We have great empathy for the motive behind the memorandum of understanding (MOU) signed Monday between the Government and the Jamaica Chamber of Commerce (JCC), aimed at encouraging firms to add up to 40,000 new workers to their payrolls.
For while the official unemployment rate of 14.3 per cent, or approximately 177,000 people, is bad enough, it doesn't tell the whole story of joblessness in Jamaica.
Indeed, a large portion of 1.08 million Jamaicans listed as employed merely eke out an existence in marginal jobs. They are underemployed.
Young people fare worse in this barren environment. Of the 400,000 or so Jamaicans who are between 15 and 29, nearly 60 per cent are either unemployed or out of the labour force, and of the 250,000 under 20, most are neither in school nor in jobs. The country faces a crisis that is potentially explosive.
We, however, harbour grave doubts that a project such as the one implied by this week's MOU represents the kind of policy that is either sustainable or efficacious. The cynics might even claim that what is being attempted is a programme of private-sector welfarism.
Fundamentally, Jamaica's crisis of joblessness is the product of a systemic underperformance of an economy burdened by an unsustainable public debt. Over the past 40 years, growth in GDP has averaged less than one per cent a year.
Looked at another way, for a long time the Government has been siphoning off for debt-servicing resources that might have gone into private investment, but with little to show for the capital it borrowed. This problem has been exacerbated in recent years by the global economic crisis.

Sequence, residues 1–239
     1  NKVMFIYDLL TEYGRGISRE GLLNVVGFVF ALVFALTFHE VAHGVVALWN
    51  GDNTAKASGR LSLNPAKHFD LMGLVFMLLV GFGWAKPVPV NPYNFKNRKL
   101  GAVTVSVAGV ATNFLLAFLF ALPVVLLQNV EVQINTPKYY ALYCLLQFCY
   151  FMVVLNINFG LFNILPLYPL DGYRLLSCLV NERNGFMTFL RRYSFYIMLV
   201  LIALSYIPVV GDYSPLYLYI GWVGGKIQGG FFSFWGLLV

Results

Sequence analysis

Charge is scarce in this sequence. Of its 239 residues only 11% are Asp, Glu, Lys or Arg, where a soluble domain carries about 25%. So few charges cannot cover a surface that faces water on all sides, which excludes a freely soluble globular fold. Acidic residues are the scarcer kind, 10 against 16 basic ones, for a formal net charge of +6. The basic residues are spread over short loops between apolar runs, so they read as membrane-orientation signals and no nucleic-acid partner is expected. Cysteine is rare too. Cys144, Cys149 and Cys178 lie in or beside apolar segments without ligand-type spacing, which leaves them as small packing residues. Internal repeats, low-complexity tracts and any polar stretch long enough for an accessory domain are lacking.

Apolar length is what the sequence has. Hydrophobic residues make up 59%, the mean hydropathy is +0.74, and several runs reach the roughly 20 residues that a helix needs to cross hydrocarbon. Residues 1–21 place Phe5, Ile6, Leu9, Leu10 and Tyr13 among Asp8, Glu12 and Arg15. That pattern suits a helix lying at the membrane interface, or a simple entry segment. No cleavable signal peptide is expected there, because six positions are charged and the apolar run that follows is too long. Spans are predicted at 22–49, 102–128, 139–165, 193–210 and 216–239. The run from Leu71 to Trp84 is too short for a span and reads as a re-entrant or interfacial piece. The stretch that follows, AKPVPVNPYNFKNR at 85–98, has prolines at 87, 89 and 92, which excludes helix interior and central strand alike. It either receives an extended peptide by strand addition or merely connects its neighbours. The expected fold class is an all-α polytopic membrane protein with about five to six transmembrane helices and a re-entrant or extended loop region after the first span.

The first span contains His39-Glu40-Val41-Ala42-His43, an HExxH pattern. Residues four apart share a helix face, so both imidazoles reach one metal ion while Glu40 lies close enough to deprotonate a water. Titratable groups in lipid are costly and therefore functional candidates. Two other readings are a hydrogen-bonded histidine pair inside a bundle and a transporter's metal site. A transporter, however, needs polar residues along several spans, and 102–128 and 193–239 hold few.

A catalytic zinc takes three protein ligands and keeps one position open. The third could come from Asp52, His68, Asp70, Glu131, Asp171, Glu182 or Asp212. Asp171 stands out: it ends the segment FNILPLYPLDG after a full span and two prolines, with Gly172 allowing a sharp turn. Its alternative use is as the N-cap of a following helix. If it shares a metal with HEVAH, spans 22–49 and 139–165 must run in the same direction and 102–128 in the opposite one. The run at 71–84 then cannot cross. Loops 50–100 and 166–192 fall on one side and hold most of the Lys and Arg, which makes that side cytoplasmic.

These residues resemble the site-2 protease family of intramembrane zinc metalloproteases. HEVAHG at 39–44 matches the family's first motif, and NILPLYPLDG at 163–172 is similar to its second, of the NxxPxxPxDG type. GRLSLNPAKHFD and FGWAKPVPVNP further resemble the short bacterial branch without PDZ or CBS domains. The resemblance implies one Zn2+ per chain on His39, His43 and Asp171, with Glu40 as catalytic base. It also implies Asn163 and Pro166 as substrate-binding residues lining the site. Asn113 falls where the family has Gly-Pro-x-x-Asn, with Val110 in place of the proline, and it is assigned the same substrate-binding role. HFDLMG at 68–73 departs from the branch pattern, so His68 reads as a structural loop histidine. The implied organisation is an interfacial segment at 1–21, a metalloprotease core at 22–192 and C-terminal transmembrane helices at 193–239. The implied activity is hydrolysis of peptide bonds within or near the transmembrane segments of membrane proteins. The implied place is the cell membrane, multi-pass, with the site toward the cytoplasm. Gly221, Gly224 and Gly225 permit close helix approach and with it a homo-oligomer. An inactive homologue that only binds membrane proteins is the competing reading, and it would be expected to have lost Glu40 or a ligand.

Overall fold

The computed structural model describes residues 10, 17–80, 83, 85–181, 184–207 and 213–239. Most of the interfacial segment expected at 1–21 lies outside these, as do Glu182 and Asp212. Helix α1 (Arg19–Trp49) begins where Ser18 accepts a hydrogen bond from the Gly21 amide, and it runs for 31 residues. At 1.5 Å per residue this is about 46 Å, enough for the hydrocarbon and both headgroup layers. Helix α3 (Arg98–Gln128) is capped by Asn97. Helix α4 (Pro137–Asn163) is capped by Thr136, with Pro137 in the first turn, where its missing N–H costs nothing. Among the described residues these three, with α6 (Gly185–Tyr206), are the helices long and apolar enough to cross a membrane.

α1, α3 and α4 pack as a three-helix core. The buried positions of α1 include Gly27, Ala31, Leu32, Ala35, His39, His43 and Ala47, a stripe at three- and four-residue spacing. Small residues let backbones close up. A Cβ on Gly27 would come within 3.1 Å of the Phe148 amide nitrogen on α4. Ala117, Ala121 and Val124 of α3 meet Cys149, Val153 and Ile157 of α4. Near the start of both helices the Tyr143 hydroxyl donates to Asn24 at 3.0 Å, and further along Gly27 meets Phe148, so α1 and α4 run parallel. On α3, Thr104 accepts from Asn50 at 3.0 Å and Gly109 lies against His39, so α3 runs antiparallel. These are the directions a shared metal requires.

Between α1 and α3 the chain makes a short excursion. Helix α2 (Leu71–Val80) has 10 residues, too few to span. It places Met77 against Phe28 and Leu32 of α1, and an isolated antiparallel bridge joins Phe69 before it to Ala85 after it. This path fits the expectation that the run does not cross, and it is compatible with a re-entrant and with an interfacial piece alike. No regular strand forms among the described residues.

Not only are global financial markets more difficult to penetrate by marginally rated borrowers like Jamaica, markets for our tourism and other products are less receptive, and Jamaicans in the diaspora have less cash to send home.
Implications for business
Businesses here are feeling the pinch, with falling sales. This is in the context that many have put projects on hold, shed jobs and hunkered down, attempting to ride out the storm. It is in this environment, too, seemingly as a moral obligation, that firms are being asked to add staff.
There may be companies that can absorb at least one employee, as proposed by Prime Minister Portia Simpson Miller. But as Milton Samuda, the JCC president, knows, adding staff for its own sake in circumstances of existing low productivity does nothing for business - except drive it further to the brink.
Of course, specialised, short-term, public-sector job programmes that deliver value as well-thought-out apprenticeship schemes involving the private sector have their place, especially in difficult times.
But the Government will be more effective at job creation if it articulates, and implements, credible strategies to tackling the debt, enhancing productivity and creating an environment conducive to doing business. That must be Mrs Simpson Miller's charge for her address to her party's annual conference this weekend.
For she must realise that on the present course, Jamaicans are rapidly losing confidence in her administration.
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